THE UNION appears to have found a solution to its tenacious, yet diminutive defense.
A team source told the Daily News that the club reached an agreement with Malian defender Bakary Soumaré. While Union officials declined to comment, the source revealed the club plans to introduce Soumaré on Tuesday. The Union hosts minor league affiliate Harrisburg 7:30 p.m. Tuesday in the quarterfinals of the U.S. Open Cup.
Soumaré, 26, can't officially join the Union roster until Thursday, when the international summer transfer window opens. He's expected to replace midfielder-turned-defender Amobi Okugo, who has played solid in the makeshift role since appearing in the Union's win over D.C. United in the fourth round of the Open Cup.
Soumaré was 2008 MLS defender of the year finalist while a member of the Chicago Fire, which drafted the native of Mali with the second overall pick in the 2007 MLS SuperDraft. In 2009, Soumaré left Chicago to play for French first-divsion club Boulogne, where he became a regular before being sent out on loan last year to Karlsruher SC of the German first division.
The only way for the Union to acquire Soumaré was through allocation order, given his former status as an MLS player. Vancouver held the top spot in allocation order, so it's thought the Union struck a deal with cash in exchange for the move-up. MLS guidelines dictate that any player who left the league through a transfer can return only via allocation order, unless the team that sold said player did not utilize the cash received in the transfer.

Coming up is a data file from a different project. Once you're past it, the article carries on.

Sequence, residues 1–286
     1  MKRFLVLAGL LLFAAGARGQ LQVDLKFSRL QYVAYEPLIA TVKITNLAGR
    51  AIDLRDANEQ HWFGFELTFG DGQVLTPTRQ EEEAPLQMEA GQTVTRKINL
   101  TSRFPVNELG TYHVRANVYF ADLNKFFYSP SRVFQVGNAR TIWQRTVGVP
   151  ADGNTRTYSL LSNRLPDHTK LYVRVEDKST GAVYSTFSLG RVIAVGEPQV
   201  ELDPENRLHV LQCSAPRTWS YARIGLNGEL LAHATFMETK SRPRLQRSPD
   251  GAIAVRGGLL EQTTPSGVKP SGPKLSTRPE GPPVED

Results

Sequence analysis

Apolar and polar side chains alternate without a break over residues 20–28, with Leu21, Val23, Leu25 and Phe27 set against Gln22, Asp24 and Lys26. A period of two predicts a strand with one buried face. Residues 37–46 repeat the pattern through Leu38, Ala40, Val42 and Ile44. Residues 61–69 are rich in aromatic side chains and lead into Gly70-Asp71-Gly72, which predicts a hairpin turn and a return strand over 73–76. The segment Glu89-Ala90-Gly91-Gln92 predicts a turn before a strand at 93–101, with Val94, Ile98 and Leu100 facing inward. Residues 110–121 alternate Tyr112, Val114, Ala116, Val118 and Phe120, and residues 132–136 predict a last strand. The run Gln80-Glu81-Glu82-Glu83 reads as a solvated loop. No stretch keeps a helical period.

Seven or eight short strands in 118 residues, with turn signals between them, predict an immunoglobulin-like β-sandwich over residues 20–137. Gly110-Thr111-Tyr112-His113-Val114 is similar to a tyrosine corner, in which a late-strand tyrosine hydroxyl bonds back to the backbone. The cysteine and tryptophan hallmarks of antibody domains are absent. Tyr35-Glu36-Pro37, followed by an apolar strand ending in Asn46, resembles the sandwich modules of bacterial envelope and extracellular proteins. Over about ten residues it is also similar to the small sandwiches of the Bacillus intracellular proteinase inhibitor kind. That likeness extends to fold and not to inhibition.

The 6-4 Soumaré brings immense size to a back line that features fellow center back Carlos Valdes and Okugo as its tallest assets at 6 feet. The defense also features Gabriel Farfan (5-10), Raymon Gaddis (5-9), Costa Rican international Porfirio Lopez (5-11) and local product Chris Albright (6-1).
The impending introduction also puts to bed the rumor that the Union sought longtime U.S. national team defender and current captain Carlos Bocanegra, a member of the Rangers, a Scottish team that is in financial disarray.